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Cell number, social media led FBI to robbery suspect

A Georgia woman has been arrested in connection with a multi-million dollar string of jewelry thefts.
Jewelry thief suspected in string of heists apprehended 01:37

ATLANTA -- The FBI zeroed in on a woman suspected in jewelry store robberies across the South after analyzing records from cellphone towers near the robberies, then checking social media and hearing from suspicious friends, newly filed court records reveal.

Abigail Lee Kemp, 24, is due in court Monday for a first appearance before a judge, FBI Special Agent Stephen Emmett said in an email. She was apprehended in the Atlanta suburb of Smyrna, Georgia, along with a person who was with her at the time, the FBI said. Authorities haven't identified an alleged accomplice in the robbery spree, but court records say he acted as a lookout in some of the robberies.

Kemp was charged by criminal complaint on Friday with conspiracy to interfere with commerce by threats or violence.

The complaint alleges that, between April 2015 and the present, Kemp conspired with others to commit armed robberies of six jewelry stores in Panama City Beach, Florida, as well as in Georgia, South Carolina, North Carolina, and Tennessee.

The complaint alleges that, in each robbery, the robber or robbers displayed a handgun, ordered the employees to the back of the store, ordered them to lie face-down on the floor, and bound their hands behind their backs with zip ties.

The robber or robbers then removed hundreds of thousands of dollars-worth of jewelry from the jewelry display cases.

The punishment for the alleged crime is a maximum of 20 years in prison.

A key break in the case came from one phone number with a north Georgia area code, court records show. An analysis of cell tower data found that the number showed up at or near jewelry stories while the businesses were being robbed, authorities said.

Court records detail how authorities then used the phone number to identify Kemp as a suspect, and found a photo of a maroon Honda Civic on her social media accounts that matched the description of one seen in surveillance video.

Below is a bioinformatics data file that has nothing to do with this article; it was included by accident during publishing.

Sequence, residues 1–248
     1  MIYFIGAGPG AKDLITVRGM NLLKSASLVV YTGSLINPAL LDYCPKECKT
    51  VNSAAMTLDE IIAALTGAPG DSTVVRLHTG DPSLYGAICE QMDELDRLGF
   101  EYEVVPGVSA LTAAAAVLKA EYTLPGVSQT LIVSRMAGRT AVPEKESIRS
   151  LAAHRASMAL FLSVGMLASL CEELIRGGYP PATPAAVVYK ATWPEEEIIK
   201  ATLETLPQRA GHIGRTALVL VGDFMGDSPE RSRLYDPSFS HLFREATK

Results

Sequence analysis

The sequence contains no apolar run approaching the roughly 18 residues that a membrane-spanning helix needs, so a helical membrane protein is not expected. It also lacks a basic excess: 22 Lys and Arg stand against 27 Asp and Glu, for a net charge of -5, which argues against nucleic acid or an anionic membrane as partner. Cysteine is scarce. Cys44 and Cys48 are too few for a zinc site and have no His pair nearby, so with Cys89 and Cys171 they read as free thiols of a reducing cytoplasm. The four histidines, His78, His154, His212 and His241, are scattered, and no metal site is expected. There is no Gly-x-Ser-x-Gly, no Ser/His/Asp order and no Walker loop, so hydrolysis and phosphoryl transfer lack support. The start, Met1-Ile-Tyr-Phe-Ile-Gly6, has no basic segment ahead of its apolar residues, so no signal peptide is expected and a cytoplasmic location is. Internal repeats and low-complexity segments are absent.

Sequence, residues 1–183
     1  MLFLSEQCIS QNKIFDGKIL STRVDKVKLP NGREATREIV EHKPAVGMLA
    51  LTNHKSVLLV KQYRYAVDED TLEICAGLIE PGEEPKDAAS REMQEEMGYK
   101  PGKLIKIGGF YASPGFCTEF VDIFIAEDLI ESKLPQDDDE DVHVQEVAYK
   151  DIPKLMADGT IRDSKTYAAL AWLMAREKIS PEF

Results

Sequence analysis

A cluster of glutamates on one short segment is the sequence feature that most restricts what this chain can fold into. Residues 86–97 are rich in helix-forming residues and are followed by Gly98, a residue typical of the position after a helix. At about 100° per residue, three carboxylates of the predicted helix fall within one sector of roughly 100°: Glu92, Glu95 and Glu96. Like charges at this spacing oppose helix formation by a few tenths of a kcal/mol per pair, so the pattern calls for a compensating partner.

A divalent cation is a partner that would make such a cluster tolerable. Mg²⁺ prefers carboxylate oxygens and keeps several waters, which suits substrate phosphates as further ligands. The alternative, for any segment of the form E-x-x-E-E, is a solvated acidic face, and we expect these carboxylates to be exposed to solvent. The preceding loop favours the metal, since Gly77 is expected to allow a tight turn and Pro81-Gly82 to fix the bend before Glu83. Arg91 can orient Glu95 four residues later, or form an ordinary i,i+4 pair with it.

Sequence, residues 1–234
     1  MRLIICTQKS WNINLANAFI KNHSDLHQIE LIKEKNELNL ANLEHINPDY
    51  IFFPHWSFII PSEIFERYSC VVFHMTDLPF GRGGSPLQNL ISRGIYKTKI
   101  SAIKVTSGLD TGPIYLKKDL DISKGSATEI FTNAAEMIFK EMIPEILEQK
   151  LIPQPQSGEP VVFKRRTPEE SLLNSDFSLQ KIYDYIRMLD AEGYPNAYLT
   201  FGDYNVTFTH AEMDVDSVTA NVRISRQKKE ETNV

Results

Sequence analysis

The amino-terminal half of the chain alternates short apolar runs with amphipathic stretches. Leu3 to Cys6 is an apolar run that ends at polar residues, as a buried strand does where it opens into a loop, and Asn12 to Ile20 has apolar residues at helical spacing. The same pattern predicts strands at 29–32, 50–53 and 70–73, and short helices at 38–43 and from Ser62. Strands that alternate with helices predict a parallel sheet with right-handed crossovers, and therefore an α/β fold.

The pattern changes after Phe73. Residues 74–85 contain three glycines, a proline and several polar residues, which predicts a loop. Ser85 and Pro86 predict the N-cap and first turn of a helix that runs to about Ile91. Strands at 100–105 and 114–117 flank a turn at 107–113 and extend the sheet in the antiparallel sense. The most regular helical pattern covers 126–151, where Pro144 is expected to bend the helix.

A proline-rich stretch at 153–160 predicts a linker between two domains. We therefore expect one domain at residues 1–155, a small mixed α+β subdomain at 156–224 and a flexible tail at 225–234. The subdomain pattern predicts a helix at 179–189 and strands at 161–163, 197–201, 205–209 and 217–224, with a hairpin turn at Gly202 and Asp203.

The FBI also released images from surveillance video from the robberies, which led Kemp's friends to contact authorities, court records show. The images showed a female dressed in a jogging suit in one robbery and wearing a black cowboy hat in another.

"Within hours of issuing a press release this week requesting assistance in identifying the suspects, the FBI Jacksonville Division began to receive numerous credible leads from the public," the FBI said in a news release.

"Some citizens further advised that during recent contacts with Kemp, she was wearing expensive jewelry that some of the callers believe she cannot afford," the court affidavit said. "Some citizens also advised that Kemp possesses a black handgun and recently had her car painted black."

Federal court records do not list an attorney for Kemp. Her arrest comes amid an investigation of jewelry store robberies last year in Sevierville, Tennessee; Bluffton, South Carolina; Panama City Beach, Florida; and Dawsonville and Woodstock in Georgia, FBI spokeswoman Amanda Warford Videll confirmed to The Associated Press via email.

The latest robbery occurred recently in Mebane, North Carolina, Videll said.

The jewelry store hold-ups in Tennessee and North Carolina each netted more than $900,000, and a total of at least $2.2 million was taken in the string of crimes, court records show.

The female suspect seen in surveillance video from several of the robberies was armed with a handgun, ordered store employees into a back room, made them lie face-down and zip tied their hands, court records state.

In at least one of the robberies, in Panama City Beach, a male accomplice is seen on video removing the front door stop and letting the front door close while he remained outside of the store. The female suspect then removed about $400,000 in jewelry from the display cases, the affidavit states.

The woman was seen in the video "wearing a cellular telephone earpiece during the robbery and was heard speaking to someone," the affidavit said.

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